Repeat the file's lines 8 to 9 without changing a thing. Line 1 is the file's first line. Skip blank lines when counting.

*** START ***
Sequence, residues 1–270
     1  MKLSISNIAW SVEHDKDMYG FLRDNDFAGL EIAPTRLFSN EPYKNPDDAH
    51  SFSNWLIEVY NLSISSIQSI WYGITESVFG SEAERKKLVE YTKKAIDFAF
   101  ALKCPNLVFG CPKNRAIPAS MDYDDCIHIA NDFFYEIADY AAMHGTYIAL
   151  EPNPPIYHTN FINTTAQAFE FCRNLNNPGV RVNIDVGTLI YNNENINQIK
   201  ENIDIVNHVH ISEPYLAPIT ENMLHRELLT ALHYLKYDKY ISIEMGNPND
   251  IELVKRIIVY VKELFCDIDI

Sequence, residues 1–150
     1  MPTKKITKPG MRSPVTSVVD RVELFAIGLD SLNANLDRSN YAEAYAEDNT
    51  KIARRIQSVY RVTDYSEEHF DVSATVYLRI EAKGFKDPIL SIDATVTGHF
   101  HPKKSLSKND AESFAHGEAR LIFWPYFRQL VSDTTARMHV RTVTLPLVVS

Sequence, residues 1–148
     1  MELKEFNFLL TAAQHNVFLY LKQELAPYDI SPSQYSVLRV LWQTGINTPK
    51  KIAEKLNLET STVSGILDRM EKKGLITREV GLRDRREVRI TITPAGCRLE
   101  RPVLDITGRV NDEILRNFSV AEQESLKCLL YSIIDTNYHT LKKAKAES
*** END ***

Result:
Sequence, residues 1–150
     1  MPTKKITKPG MRSPVTSVVD RVELFAIGLD SLNANLDRSN YAEAYAEDNT